hijackthis

Intro

This tutorial is an indepth look into hijack this logs, not an HJT starter guide Hijack This by Merijn is a great tool for detecting and removing browser Hijacks. A browser hijack is when spyware takes over your internet settings, often redirecting your internet searches and stealing your default home page. This tutorial is aimed at TSGers who would like to help out in the security forum by examining Hijack This logs. First lets look at a typical Hijack This log
Click Here to View

You can see that it begins with Information about the users computer and version of Hijack This. All thats important here is to make sure they are using the latest version of HJT (currently 1.96). Next you have the running processes. These can not be "fixed" in Hijack This so its not a critical section in examining a log, but if you see something suspicious, Google the filename to see what it is. In examining a log, google is your friend.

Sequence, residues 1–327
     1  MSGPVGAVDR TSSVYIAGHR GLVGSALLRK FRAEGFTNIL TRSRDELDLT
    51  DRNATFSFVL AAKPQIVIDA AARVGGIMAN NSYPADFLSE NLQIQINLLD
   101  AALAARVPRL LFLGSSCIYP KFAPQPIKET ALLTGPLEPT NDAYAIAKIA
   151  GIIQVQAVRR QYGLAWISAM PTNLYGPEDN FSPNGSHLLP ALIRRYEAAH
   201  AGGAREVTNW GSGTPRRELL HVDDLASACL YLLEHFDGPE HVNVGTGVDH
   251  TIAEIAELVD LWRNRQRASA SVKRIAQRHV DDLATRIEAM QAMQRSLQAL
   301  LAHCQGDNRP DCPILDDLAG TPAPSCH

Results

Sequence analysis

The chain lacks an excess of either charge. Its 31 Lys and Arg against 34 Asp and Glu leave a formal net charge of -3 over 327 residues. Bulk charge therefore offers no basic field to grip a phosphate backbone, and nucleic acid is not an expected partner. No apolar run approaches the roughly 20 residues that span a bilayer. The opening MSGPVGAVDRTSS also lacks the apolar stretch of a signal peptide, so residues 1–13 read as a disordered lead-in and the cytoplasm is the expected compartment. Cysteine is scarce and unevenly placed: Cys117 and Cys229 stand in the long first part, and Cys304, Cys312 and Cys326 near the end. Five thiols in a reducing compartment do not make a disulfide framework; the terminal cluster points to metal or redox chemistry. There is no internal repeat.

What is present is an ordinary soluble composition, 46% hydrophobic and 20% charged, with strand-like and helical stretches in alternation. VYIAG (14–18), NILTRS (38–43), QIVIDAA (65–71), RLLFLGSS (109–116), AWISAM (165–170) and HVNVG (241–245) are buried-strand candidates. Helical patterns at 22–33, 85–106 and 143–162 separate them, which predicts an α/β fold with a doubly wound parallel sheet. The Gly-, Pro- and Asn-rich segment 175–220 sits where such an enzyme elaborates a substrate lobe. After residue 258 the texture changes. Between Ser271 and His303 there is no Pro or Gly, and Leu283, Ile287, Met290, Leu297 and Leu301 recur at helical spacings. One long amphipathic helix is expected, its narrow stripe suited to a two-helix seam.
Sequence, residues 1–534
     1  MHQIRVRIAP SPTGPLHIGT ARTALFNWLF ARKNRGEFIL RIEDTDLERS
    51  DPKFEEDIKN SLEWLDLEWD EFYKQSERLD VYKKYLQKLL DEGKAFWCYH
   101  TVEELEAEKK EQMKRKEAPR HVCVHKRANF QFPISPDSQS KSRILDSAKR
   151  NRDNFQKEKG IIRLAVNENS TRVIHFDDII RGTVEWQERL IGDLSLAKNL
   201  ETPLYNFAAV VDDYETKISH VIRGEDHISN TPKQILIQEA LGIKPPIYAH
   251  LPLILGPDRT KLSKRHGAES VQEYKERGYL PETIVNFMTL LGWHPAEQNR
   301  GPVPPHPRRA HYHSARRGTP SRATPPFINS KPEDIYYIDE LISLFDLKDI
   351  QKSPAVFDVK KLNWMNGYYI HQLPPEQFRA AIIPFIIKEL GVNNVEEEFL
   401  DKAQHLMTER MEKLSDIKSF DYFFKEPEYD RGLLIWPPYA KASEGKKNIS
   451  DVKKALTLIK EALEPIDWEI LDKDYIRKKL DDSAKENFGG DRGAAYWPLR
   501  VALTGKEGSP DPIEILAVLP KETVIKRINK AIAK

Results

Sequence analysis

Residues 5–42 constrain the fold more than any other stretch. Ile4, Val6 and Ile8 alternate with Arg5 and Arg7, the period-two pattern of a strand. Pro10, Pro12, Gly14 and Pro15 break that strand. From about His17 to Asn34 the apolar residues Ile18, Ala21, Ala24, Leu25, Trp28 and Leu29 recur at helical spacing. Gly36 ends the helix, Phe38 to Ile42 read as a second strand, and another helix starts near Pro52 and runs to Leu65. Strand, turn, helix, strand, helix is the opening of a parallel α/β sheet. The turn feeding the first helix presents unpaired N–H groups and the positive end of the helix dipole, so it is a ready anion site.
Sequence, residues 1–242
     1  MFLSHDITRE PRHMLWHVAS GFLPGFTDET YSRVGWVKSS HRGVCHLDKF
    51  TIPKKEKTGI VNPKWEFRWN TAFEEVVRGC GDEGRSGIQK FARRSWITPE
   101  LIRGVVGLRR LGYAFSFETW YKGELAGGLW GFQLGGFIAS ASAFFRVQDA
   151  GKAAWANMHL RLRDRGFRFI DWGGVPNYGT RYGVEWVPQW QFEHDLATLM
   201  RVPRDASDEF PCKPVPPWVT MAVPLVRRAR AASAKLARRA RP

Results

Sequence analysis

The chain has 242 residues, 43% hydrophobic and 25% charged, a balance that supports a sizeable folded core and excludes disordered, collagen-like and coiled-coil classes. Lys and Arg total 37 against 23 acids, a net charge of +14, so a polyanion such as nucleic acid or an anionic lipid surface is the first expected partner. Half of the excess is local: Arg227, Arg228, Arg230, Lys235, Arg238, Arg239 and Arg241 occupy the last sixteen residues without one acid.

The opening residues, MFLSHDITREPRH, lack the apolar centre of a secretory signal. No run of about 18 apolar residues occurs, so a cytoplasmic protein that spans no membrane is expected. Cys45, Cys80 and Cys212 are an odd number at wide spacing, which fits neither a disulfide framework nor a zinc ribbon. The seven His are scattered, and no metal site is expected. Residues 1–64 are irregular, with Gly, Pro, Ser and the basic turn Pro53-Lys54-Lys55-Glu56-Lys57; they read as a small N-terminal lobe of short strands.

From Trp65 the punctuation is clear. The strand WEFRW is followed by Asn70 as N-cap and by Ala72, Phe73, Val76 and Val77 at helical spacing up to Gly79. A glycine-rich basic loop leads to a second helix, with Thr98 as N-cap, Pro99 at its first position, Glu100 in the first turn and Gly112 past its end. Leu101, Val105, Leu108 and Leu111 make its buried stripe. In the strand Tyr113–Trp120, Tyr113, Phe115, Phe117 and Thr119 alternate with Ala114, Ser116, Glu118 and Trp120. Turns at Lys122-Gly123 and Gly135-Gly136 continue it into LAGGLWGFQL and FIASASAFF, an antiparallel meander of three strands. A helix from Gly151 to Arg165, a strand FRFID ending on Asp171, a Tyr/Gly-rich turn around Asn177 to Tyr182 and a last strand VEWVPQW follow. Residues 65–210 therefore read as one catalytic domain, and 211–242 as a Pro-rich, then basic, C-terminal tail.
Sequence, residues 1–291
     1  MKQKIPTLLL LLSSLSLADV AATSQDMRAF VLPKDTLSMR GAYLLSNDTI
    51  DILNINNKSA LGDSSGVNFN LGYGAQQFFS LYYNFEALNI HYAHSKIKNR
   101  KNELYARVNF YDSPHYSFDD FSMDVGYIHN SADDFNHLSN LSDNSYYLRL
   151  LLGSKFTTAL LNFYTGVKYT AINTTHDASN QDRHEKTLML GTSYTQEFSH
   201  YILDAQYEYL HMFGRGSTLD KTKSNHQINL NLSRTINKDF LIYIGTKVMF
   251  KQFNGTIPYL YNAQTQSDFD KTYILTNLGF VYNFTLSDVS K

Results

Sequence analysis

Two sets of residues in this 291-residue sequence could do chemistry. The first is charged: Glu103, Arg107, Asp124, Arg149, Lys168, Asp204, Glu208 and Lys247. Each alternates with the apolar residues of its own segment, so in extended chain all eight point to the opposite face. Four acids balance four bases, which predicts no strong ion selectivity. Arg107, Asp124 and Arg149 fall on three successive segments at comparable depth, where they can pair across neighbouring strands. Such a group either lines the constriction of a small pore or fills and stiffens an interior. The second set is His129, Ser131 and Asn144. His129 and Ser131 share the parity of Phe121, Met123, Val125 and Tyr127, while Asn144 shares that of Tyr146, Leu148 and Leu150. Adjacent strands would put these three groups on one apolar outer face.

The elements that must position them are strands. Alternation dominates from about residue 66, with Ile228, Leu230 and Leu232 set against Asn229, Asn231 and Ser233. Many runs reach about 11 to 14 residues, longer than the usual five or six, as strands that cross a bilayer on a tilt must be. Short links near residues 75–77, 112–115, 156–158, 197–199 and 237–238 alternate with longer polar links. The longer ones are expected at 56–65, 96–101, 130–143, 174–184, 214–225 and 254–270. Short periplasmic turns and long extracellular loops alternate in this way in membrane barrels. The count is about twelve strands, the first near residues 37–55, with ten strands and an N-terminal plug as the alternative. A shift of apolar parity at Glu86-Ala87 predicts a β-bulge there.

Procedure

Now, before we start analyzing the log, here is my method for making it quick and painless to check it.
1. Open an extra browser window. You will need it to search for info.
2. Paste the user's log into Notepad.
3. As you identify items as good/bad, remove the Good ones from the log in Notepad. When your done, the bad entries will be left in a list you can post.
4. I suggest you put a line in between each item that needs to be removed. This makes it much easier to remove. Then post the list of what needs to be removed back to the user. 5. Have them run Spybot or AdAware afterwards. Hijack This will not remove other components of spyware besides what you list. You may have to have the person manually delete files (eg if you have them remove an HJT entry about bootconf.exe, they should also delete bootconf.exe from their hard drive).

Two Letter Codes

After the running processes, the list of entries found by Hijack This begins. Each entry starts with a 2-letter code to say what it is. According to Hijack This' Info, heres what each code means:
R - Registry, StartPage/SearchPage changes
R0 - Changed registry value
R1 - Created registry value
R2 - Created registry key
R3 - Created extra registry value where only one should be
F - IniFiles, autoloading entries
F0 - Changed inifile value
F1 - Created inifile value
N - Netscape/Mozilla StartPage/SearchPage changes